To obtain all these benefits, all spatial samples need to be individually processed. Here, each antenna element having its own frontend comes at a cost. ADCs and DACs operating at Multi-GHz clock frequencies are complex and power consuming. Consequently, fully digital beamforming is utilized in commercial multi-antenna systems in the lower frequency range while initial mmWave systems mostly utilize hybrid beamforming architectures as described next.
Hybrid beamforming is a compromise between low power but less flexible analog beamforming and power hungry but fully flexible digital beamforming solutions. This two-stage architecture is drawn in the figure below where precoding or combining is done first in the analog part and later in the digital domain. While the antenna elements are still driven by analog phase shifters, the number of RF chains and ADC/DAC are lesser than the number of antennas. Precoding is then performed in the digital domain at the level of radio chains. This reduction in the number of data converters and corresponding chains results in less cost, computational load and power consumption. Multiple spatial streams can also be supported, albeit only up to the number of RF chains and hence less than what pure digital beamforming has to offer. In summary, both the digital and analog beamforming work together in this case to improve the coverage or to provide multiple beams to spatially separated users.
Analog or RF precoding/combining in the figure above can be implemented through two different schemes.
- An antenna array is divided into several subarrays, each forming an analog beamforming network and connected to its own RF chain. Since the subarrays operate more or less in an independent manner, the overall framework reduces complexity and power consumption at a cost of less flexibility. This is drawn in the left figure below.
- Each antenna is connected to all RF chains and the digitally controlled phase shifters are computed based on some jointly optimal criteria. This provides maximum flexibility in directing and manipulating multiple beams at a cost of complexity. Such an architecture is shown in the right figure below.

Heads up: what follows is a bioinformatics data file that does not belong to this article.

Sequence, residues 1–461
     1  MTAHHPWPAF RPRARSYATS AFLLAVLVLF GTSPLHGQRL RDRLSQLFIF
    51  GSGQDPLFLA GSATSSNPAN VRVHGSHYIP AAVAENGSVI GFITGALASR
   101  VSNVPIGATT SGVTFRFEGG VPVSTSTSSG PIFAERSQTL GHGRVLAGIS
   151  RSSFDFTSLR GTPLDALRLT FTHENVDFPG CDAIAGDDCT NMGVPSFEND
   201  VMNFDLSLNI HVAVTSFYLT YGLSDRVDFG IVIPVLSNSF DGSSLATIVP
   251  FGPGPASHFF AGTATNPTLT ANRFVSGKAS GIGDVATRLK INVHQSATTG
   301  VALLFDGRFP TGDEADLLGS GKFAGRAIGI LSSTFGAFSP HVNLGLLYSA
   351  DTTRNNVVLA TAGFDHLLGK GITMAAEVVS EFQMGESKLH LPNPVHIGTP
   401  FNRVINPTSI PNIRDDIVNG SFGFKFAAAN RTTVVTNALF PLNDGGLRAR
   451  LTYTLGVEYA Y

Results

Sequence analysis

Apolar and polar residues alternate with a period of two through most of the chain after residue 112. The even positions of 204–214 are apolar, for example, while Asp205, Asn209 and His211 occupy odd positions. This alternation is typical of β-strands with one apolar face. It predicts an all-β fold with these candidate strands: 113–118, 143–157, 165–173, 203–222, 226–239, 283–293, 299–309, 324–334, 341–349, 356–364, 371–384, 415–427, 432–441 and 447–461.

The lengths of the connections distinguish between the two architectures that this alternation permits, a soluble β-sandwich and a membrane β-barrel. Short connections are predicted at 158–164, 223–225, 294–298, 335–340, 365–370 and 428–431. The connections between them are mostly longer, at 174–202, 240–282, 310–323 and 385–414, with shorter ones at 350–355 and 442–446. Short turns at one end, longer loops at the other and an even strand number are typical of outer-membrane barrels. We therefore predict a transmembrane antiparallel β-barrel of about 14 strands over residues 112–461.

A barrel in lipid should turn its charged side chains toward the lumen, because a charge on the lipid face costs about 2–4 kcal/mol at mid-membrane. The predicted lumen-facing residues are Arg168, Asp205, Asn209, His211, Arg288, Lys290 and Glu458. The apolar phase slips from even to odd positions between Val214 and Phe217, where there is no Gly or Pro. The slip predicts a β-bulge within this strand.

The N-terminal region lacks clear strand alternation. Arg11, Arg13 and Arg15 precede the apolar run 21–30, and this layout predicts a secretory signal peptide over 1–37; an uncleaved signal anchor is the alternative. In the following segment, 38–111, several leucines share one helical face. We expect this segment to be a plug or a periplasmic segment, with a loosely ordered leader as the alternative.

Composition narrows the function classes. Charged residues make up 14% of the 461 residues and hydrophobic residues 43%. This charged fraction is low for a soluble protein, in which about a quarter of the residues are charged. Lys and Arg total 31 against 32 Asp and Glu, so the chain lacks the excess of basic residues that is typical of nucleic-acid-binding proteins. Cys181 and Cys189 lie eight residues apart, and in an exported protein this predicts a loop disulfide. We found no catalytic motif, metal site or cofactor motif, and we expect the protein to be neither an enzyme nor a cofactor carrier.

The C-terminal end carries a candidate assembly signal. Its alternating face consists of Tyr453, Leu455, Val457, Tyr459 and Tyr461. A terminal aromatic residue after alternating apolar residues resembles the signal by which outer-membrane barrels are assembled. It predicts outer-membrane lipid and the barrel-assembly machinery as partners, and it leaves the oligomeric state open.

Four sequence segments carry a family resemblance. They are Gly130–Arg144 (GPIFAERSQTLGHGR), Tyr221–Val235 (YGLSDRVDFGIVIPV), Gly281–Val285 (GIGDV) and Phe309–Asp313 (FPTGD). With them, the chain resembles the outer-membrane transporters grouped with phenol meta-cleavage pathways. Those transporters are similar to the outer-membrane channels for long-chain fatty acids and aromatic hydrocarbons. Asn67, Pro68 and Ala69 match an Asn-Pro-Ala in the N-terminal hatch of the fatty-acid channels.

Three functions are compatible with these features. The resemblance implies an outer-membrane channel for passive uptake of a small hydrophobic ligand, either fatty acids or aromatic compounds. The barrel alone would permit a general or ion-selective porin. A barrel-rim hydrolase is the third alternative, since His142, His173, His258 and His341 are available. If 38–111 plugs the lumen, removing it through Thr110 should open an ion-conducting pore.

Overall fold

The weights in digital and analog domains are chosen to closely approximate the optimal solution that results in minimum interference among the streams. The optimal solution is not trivial due to the number of antennas and subarrays involved as well as additional constraints that come with choosing imprecise analog weights. A trade-off needs to be made between performance and complexity.
To see why hybrid beamforming strikes a good balance between complexity and flexibility, remember that the spatial selectivity implemented by a beamformer comes from a combination of signals generated from or arriving at individual antenna elements, each of which radiates or receives according to its own radiation pattern, irrespective of the array factor. Since each element has its own RF chain from the element down to the baseband in a digital beamformer, each of them has to accommodate both the desired and undesired signals and thus suffers from a high dynamic range (the ratio between maximum and minimum signal level). This leads to high power consumption. Now notice from the hybrid beamforming figure before that it is not being done for all antennas in the array in the hybrid solution. Instead, a set of antennas already implement analog beamforming before the signal is presented to the digital path.
As described before, things are changing fast though in this area. With advancement in data conversion technology (e.g., RF sampling ADCs and DACs) and increased level of on-chip integration, the era of an all-digital beamforming in mmWave bands is on the horizon.
In conclusion, we covered how beamforming can be done in analog domain after the DAC at Tx side and before the ADC at Rx side. In the context of an OFDM system, this is shown within the Analog Signal Processing (ASP) block in the figure above which obviously implements other tasks related to the frontend too in addition to the phase shifting operations. In a similar manner, beamforming can also be performed in digital domain before the DAC on the Tx side or after the ADC on the Rx side, as drawn in the same figure. In practice, the case for digital beamforming gives more choices in this regard. Finally, beamforming can also be classified as time domain vs frequency domain, as explained in the case of broadband signals.